collection1b

collection1b

July 21, 2014

Lewis Carroll’s Stylograph


[Posted on L&P on June 7, 2013.]

        Ron Dutcher has stated on several occasions that he is working on a book on Mark Twain’s Pens.  The various chapters will deal with the pencils, steel pens, quills, a stylograph, various fountain pens, and a typewriter that Twain owned and used.  Well, here’s a reference to one of Lewis Carroll’s pens that I ran across lately, one that’s sort of in the same vein as Twain’s pens, for Carroll, too, was a lover of “toys and gadgets”, and “peculiar Victorian devices”.
        The book from which those quotes are taken is Jenny Woolf’s,
The Mystery Of Lewis Carroll.  She recently discovered Carroll’s detailed bank account and financial records in the archive of a large modern financial institution that absorbed Carroll’s old bank.  The bank records kept in those days were much more detailed than they are now, and recorded all the names of the people with whom and the businesses with which he dealt and what exactly was purchased.  She deduced most of this from his bank books, but other items were also mentioned in his letters and his diaries.  On page 129 of her book she writes that his “capacious cupboards...were full of treasures” such as a mechanical bear that spoke, a flying bat driven by elastic bands, musical boxes, a mechanical barrel organ called an “orguinette” that played piano rolls, which he loaded backwards and played in reverse, a hand-propelled “Velociman” tricycle for adult invalids, and one of the earliest typewriters.  He also invented “novelties” himself, such as a “contraption for writing in bed at night in the dark”.  But best of all, on page 282 she writes that he was “an eager purchaser” of such peculiar Victorian devices as “the Stylographic pen”.  She doesn’t state which brand of stylograph it was, but MacKinnon, Livermore, and Cross stylos were all sold in London at the time under that name.  He probably also used wooden pencils, and pen and pencil cases, and quills, and steel pens in penholders, and maybe even some early fountain pens, but someone else is going to have to read all his letters and diaries and financial records to glean that neglected, and overlooked, and temporarily misplaced and discarded information.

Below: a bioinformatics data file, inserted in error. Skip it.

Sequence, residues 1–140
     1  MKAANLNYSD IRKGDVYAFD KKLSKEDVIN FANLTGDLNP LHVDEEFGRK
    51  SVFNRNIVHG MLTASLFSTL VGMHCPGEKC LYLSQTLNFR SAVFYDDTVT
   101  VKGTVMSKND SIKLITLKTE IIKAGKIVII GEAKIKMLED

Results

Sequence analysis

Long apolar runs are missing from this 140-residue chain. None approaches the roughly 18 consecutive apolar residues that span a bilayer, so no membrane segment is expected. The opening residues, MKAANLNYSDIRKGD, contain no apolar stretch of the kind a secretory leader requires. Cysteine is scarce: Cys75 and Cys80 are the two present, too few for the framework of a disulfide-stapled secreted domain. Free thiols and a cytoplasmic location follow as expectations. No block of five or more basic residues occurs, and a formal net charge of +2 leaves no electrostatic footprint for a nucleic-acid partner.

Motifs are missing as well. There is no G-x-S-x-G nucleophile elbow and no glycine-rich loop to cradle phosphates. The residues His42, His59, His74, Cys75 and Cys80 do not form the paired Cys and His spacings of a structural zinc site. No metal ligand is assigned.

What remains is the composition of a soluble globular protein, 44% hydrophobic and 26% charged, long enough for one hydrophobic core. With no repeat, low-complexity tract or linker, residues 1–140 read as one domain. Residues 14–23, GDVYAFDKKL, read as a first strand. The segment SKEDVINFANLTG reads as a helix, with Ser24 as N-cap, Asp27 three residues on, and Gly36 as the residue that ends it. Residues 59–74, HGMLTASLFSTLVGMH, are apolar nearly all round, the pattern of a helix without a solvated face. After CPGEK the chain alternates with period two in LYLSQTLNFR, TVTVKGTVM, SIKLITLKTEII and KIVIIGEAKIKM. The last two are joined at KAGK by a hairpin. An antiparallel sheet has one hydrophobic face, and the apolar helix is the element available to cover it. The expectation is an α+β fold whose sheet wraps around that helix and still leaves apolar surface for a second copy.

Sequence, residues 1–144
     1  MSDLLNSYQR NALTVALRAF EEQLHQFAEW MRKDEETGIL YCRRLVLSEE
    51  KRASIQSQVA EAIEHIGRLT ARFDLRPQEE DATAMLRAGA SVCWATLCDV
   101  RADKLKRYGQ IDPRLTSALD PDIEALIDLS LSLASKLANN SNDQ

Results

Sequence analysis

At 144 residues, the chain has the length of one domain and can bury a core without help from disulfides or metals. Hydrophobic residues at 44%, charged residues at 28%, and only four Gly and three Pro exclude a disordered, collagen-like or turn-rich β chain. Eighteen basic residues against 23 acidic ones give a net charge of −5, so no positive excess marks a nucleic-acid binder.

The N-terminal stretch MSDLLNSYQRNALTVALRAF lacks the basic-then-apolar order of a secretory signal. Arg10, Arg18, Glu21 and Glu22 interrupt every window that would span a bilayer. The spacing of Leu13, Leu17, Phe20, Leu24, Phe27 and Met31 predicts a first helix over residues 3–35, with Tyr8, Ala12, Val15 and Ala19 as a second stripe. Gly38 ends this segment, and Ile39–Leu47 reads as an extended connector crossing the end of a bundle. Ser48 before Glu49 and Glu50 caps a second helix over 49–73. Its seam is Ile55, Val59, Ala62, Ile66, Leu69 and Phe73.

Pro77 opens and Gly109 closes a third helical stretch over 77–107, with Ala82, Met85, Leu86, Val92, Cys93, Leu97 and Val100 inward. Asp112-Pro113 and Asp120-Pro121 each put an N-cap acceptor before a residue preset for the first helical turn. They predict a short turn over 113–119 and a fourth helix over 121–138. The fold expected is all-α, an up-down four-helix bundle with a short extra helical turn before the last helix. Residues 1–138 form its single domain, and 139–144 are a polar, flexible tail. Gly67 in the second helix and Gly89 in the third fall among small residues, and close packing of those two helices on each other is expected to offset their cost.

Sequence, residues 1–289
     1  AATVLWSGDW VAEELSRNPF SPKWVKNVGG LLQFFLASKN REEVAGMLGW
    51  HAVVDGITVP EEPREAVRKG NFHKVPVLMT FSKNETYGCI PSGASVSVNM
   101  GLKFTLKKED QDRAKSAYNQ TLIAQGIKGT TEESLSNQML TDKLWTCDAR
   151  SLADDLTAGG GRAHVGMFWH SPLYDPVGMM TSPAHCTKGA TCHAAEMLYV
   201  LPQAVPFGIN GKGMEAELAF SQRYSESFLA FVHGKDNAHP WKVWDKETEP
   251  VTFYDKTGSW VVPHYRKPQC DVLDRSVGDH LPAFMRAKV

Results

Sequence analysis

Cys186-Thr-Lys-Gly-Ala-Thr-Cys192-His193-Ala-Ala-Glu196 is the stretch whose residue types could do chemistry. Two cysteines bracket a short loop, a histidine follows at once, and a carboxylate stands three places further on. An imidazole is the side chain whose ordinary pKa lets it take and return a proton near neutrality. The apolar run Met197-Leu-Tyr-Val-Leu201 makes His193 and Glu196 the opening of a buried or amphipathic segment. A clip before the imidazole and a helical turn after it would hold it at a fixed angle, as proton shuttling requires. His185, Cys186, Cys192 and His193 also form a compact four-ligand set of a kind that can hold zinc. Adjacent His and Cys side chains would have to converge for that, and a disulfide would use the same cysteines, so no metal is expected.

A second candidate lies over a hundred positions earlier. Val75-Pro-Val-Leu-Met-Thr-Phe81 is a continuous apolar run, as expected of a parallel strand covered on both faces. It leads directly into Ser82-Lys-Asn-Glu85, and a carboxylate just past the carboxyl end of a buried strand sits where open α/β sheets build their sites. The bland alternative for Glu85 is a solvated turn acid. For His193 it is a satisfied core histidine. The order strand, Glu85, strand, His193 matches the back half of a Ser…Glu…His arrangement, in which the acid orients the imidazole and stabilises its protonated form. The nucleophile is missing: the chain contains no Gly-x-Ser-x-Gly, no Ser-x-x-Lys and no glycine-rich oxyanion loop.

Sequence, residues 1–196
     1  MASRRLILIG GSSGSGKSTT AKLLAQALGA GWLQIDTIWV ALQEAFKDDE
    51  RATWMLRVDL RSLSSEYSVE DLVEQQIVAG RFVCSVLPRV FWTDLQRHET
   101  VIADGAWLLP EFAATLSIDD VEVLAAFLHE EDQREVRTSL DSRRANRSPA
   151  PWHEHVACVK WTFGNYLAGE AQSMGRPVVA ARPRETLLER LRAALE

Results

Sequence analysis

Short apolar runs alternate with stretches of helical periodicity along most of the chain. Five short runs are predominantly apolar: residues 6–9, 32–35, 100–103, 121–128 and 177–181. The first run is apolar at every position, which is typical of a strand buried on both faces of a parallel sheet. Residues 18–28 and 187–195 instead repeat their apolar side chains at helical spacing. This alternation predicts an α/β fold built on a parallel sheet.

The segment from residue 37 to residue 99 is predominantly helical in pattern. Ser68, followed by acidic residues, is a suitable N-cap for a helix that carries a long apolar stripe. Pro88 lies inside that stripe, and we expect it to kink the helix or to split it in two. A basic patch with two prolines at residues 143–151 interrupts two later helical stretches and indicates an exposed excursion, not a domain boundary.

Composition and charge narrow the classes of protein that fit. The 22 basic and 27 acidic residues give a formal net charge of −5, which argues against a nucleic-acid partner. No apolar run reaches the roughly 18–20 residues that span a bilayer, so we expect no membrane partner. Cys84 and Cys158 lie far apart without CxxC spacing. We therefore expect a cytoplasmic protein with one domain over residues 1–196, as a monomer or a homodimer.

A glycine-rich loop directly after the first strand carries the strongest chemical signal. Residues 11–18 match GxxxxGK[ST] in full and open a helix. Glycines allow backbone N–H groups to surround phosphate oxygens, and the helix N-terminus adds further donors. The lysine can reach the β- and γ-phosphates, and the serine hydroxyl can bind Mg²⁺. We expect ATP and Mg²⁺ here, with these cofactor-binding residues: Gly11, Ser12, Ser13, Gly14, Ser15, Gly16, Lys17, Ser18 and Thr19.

George Kovalenko.

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